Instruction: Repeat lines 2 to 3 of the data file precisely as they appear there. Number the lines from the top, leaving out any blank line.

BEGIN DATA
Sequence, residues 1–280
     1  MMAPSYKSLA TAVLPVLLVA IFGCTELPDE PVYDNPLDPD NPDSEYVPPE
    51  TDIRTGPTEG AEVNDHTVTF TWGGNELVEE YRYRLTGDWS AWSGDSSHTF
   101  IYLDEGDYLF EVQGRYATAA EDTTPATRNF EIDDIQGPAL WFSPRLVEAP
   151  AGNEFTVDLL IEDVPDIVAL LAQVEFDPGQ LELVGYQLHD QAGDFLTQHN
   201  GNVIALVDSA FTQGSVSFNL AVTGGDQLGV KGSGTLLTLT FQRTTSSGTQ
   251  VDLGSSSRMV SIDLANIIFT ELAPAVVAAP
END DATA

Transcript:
     1  MMAPSYKSLA TAVLPVLLVA IFGCTELPDE PVYDNPLDPD NPDSEYVPPE
    51  TDIRTGPTEG AEVNDHTVTF TWGGNELVEE YRYRLTGDWS AWSGDSSHTF